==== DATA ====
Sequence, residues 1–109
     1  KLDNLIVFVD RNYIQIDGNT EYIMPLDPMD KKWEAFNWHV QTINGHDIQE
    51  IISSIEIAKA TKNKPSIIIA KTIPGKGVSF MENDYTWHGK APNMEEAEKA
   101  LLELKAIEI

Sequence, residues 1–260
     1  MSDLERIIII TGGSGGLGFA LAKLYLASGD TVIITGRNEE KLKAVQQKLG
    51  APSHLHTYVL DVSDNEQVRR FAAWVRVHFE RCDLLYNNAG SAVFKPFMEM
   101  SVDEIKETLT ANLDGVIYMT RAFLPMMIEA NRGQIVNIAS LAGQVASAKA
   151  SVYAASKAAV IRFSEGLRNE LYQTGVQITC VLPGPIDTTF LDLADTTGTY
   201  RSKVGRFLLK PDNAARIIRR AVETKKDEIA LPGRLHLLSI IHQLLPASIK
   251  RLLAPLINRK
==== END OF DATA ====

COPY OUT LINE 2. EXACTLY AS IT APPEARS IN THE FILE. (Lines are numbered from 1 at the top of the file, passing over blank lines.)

     1  KLDNLIVFVD RNYIQIDGNT EYIMPLDPMD KKWEAFNWHV QTINGHDIQE